September 14, 2005
One of my favorite memories about visiting Aunt Chassie's farm when I was a boy is going out with the wimmen to pick wild greens on the mountainside. We carried baskets and picked Mountain Tea (that's wild mint, for people who don't know), Poke, wild onions (you can smell those things in your sweat for two days after you eat them), dandilion leaves, and all sorts of other green things.
The wimmen encouraged us boys use our pocket knives to peel the bark off a beachnut tree to make tea for drinking on the porch in the evening. That stuff is very tasty just to pop in you mouth and munch on. It's hillbilly chewing gum.
I always enjoyed the trip to Aunt Chassie's house. It was WAAAAYYY back up a hollow and you had to drive a car (or a truck) across three creeks to get there. A rutted dirt road with no bridges, and nobody around for miles. Sometimes, after a heavy rain, Aunt Chassie was stuck there until the water in the creeks went down.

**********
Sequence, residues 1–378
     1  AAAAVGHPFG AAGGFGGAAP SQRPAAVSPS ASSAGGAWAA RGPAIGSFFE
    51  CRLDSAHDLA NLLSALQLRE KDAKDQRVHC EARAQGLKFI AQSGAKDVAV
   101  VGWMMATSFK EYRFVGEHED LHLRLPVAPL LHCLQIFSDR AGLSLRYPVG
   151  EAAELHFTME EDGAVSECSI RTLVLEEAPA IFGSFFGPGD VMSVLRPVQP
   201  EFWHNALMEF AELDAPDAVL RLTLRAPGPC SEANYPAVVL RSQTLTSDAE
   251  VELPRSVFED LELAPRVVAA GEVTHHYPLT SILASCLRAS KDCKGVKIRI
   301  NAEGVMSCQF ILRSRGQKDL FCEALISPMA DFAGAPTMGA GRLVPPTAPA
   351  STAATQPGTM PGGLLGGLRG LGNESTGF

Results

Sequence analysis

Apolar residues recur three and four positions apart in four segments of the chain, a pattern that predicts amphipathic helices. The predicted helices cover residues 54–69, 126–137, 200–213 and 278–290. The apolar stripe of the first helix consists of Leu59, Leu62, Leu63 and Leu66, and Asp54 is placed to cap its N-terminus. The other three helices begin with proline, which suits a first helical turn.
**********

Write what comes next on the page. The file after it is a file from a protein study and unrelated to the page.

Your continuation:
That's where I was spurred by a rooster, run up an apple tree by a horny bull and spanked for feeding one of the dogs that always slept under the front porch. We ate that rooster in a pot of dumplings after Chassie broke its neck with one expert twist, my grandfather hooked the bull by the ring in its nose and led it away so that I could get out of that apple tree, and I learned that farm dogs aren't pets.
After Chassie died at the terribly young age of 93, I heard that one of her sons sold the propety for the mineral rights and some coal company came in and strip-mined the entire place. I'm no environmentalist, but I think that's a crying shame.
I have a lot of fond memories of that farm.
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